Composer Hildur Guðnadóttir on Creating the Music You Do (or Don’t) Notice for Cate Blanchett and Todd Field in Tár

The Oscar winner was instrumental to drawing audiences into the world of a complicated female conductor

Hildur Guðnadóttir Interview Tar

Little Children director Todd Field’s return to film, the acclaimed drama Tár, was worth the wait. A haunting descent into the psyche of a composer/conductor (Cate Blanchett) whose ambitions get derailed by her past and present foibles, the film presents a lush soundscape that includes many layers, from the original composition that Lydia Tár is struggling to create, to the lush symphonies of Mahler, to the uneasy underlying score created by Oscar-winning composer Hildur Guðnadóttir (Joker).

Field brought Hildur onto the project very early on — “I think I was like the second person to join the project after Cate,” she tells Consequence via Zoom — and she says that when she first read the script, she felt like the writer/director had authentically captured a lot about the modern-day world of music composition and conducting.

“There’s a lot of how the character is that’s very different from my musical world and my musical landscape. But I think that for a certain type of musician, I think he came pretty close,” she says. She did have some notes for Field: “There were some parts that I was like, ‘No, you’d never say that as a musician.’ But the great thing is that Todd is a musician himself, he used to be a trombone player. So he has a pretty good understanding of what it is to be a musician. I think he was well-informed.”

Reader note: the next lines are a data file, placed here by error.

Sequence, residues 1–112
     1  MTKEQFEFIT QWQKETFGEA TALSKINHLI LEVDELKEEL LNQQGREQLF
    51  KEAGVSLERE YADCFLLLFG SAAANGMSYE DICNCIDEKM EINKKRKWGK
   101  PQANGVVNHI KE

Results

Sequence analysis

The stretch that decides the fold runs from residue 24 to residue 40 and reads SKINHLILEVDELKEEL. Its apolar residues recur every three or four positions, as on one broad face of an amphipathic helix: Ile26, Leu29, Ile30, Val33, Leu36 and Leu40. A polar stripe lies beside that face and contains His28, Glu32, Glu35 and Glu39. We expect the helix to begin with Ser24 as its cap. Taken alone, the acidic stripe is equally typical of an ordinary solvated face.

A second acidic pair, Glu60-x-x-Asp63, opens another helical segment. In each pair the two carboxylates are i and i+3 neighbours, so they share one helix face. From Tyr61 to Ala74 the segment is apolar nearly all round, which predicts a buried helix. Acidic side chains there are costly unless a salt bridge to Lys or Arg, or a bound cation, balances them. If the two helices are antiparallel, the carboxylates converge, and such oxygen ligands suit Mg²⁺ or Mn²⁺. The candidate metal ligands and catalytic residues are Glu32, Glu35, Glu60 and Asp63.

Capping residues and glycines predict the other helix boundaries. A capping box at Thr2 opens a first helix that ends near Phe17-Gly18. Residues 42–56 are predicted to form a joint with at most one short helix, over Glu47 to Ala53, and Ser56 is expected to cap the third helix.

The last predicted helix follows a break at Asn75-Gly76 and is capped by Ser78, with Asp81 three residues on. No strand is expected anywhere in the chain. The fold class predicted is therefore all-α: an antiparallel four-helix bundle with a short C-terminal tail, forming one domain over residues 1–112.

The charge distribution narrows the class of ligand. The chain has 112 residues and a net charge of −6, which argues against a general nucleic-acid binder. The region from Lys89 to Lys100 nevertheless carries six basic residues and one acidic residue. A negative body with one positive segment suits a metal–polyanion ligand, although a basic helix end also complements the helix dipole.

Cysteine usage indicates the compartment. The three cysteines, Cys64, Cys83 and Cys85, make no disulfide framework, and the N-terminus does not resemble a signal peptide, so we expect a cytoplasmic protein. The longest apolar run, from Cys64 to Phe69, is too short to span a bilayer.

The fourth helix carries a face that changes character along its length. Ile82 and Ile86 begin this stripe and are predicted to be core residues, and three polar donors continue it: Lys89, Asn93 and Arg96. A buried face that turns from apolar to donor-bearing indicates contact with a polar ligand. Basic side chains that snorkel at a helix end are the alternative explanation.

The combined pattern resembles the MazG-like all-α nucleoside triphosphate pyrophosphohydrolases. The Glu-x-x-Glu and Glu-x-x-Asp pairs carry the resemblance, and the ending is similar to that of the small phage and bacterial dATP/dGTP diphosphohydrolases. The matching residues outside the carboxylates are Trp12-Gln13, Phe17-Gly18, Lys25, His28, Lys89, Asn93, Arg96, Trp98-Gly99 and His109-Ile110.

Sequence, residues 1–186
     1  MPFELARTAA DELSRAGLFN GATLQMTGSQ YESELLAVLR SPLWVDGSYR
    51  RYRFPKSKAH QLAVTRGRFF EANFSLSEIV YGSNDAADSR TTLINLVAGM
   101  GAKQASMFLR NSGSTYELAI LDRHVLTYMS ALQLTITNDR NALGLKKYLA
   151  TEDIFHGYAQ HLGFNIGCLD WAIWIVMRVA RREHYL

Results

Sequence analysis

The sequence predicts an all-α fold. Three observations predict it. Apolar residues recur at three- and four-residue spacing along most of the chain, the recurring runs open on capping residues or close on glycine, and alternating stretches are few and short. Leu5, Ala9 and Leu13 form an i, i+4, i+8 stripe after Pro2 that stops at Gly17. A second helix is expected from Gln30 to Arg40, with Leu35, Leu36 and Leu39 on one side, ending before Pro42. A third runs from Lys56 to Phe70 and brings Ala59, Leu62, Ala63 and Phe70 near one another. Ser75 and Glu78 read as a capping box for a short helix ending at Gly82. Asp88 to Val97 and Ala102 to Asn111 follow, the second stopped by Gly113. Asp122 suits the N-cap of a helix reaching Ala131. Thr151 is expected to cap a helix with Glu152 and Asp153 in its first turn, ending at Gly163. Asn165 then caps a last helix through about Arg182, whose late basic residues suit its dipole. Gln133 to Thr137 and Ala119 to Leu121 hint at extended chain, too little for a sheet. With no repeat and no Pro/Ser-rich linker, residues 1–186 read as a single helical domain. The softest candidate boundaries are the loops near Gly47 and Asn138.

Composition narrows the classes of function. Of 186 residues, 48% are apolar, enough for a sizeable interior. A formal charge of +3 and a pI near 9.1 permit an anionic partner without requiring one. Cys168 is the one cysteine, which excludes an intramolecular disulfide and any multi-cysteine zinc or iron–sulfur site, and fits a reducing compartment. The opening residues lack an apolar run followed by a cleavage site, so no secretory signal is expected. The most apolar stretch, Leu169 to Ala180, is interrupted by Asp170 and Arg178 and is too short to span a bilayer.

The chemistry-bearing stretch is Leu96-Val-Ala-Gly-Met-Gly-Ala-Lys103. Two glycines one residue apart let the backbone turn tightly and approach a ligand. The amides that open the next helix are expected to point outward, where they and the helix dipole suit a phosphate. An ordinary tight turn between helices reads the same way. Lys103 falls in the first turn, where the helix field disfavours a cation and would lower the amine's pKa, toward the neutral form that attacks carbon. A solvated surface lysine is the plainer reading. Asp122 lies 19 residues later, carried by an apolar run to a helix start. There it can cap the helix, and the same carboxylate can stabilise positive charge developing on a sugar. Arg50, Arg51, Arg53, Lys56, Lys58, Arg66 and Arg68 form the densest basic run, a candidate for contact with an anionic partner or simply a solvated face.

While the character of Tár has completed the famed achievement of winning an Emmy, Grammy, Oscar, and Tony, Hildur is currently a T shy of EGOT-ing, something she tells Consequence she doesn’t mind too much. Below, transcribed and edited for clarity, the Icelandic composer also explains how deep her involvement in the film went, from literally writing music to help set the pace of scenes, to helping to create a “concept album” that will capture all the musical elements of Tár. This includes her own actual score for the film, which is deliberately subtle so that it “lives in a realm that’s more the subconscious level, the otherworldly place where you’re not sure exactly what is real and who is who.”

To start off, talk to me about what joining the film was like, because I’m very curious about how that all went.

Todd really wanted to involve me in the whole process, you know, because the film is a process film, it’s all about music. So, obviously music was very important and it’s also all about the psychological and emotional aspects of what it is to rehearse music, what it is to write music, like what it is to be frustrated with that process, to be really encapsulated by it — or what happens if you’re misaligned in your process.


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